The only thing we can do is to be aware of who we are. To be mindful of what we are thinking. To take the time to know yourself. My mistake was that I noticed the warning signs but I chose to ignore them in pursuit of a flight of fancy. If I had been perhaps more receptive to the thoughts that were going through my mind before I took the wrong decisions, I might have prevented all this from happening in the first place.

While I will try to be more careful in whom I place my trust, there’s no guarantee that I’ll be forever safe. For, unfortunate as it may be, human beings will continue to find more subtle ways to betray and deceive others. On the other hand, you cannot give up on trust completely. Knowing yourself is a great way to protect yourself but it isn’t foolproof.

And when you’re betrayed, you should have the courage to accept what is and take remedial action if you can..

But denying it will only render you a slave to the betrayer.

A slave to your own self.

Monday, October 8, 2012

The Way of Water

Today, I chose to talk about water. A simple enough molecular structure composed of two hydrogen and one oxygen atom. Everyone needs it and, no, you don’t need any chemical formula to appreciate its value. Water is an example of a liquid that much to teach us about reality and about ourselves.

It’s a liquid that changes structure depending on the environment. It can be ice, snow, rain or steam. In each case, the experience of water changes but, at its foundation, it is still composed of the same molecules. Water may come from the river, the ocean or through the sea. But it remains water and it’s continuously being recycled as it shifts back and forth from the solid, liquid and gas states. The same water falling as rain in New York is not that different than the rain falling in China a few days later. Water droplets are, of course, not exactly the identical ones as they are distinct but, in essence, they are similar.

In this sense, humanity is like water. We constantly change the way we look, the way we think and what we believe. But, at the core, we remain human beings facing the same challenges of life. However, water itself is something that has been instrumental in the creation of life on Earth. Our bodies cannot survive without it and we are mostly made up of water. All our organs depend on it to keep working. Without it, we will die. On the other hand, water can kill us if we drown in it. Water helps us survive but can also be a destructive force when it causes flooding or organises into a tsunami.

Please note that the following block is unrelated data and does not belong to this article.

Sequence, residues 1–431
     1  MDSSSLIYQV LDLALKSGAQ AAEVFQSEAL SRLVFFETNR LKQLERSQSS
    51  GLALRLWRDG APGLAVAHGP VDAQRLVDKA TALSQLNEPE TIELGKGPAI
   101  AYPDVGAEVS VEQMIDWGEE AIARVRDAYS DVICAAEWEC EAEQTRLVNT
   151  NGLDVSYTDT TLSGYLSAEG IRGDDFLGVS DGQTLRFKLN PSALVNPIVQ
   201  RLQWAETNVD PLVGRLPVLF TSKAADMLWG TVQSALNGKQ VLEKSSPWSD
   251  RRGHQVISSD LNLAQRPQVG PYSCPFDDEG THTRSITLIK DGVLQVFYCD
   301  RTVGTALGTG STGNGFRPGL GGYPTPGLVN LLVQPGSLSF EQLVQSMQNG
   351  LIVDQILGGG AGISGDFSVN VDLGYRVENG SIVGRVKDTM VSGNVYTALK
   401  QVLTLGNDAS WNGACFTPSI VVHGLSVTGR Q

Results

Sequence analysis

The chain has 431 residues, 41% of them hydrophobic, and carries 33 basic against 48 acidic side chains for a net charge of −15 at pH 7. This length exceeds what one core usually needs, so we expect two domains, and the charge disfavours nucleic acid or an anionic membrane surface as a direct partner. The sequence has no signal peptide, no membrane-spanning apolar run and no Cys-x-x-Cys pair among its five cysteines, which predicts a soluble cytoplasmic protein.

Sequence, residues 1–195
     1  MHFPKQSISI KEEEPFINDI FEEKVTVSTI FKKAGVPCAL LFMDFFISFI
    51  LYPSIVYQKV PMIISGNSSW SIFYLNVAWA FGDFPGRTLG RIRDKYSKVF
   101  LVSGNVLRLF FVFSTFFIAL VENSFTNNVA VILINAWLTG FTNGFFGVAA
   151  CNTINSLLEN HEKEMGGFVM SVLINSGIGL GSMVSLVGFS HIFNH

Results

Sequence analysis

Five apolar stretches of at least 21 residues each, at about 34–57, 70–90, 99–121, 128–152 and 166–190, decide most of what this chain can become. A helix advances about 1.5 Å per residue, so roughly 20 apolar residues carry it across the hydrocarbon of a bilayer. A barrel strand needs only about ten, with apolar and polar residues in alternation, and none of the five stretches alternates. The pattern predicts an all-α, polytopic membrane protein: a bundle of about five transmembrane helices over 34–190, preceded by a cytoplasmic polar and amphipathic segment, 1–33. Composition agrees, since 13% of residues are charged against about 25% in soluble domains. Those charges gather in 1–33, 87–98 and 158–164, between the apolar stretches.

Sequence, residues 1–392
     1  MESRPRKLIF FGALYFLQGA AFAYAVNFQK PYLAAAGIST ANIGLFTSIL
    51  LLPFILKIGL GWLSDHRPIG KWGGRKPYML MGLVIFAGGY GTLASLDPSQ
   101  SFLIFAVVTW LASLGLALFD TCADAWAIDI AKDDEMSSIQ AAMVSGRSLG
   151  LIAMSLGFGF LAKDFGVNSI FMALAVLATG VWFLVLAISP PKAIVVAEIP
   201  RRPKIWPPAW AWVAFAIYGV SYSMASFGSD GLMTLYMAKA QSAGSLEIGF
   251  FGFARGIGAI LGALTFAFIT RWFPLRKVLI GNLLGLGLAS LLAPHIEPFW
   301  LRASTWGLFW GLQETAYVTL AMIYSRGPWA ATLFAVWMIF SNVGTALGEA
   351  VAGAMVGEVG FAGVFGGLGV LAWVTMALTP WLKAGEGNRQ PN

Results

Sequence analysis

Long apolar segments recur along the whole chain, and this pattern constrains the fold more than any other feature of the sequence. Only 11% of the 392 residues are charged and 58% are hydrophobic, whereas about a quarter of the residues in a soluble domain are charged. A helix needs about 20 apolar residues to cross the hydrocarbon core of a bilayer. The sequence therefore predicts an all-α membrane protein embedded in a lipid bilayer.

Thus, it is only in moderation that water is sustaining and preserving. Excesses at both extremes can either lead to dehydration or suffocation. Water can cause hypothermia. And when you realise how vital water is for our survival and how it makes up over two-thirds of the world’s surface, you quickly realise how, if we continue to pollute our seas with waste, chemicals, nuclear material and oil., we may be compromising the future of all living beings and condemn us to extinction. Lacking an impending space programme that permits us to live on other planets, the water we have on this planet is the only source that can keep life going.

We may have bad experiences of water. W e may have been close to drowning, have an entire life and livelihood because of a flood. You may have even lost loved ones because of the sea. Yet, even if it’s no consolation, water itself is not good or bad, it just follows its nature. We, on the other hand, can adapt to the world and even change our reaction to life. At the same time, like water droplets, we are different in our own ways but so much alike in so much, much more than we want to admit..

For a start, we all depend on water as long as we live.

Sunday, October 7, 2012

This isn't really my life...

We are often exposed to news stories reporting on the deaths of motorists, people still dying in places far away as a result of war, natural disasters or the injustices of poverty and intolerance. But, does hearing these accounts day and night, stir us in any way? Or have we become so used to these stories that we don’t perhaps stop and reflect that, behind these victims, there are real people? People who are suffering or even dying? While the killings still happening in Syria are cause for concern, many other people this minute are dying out of unnatural acts of our human failure to love and respect each other as equals.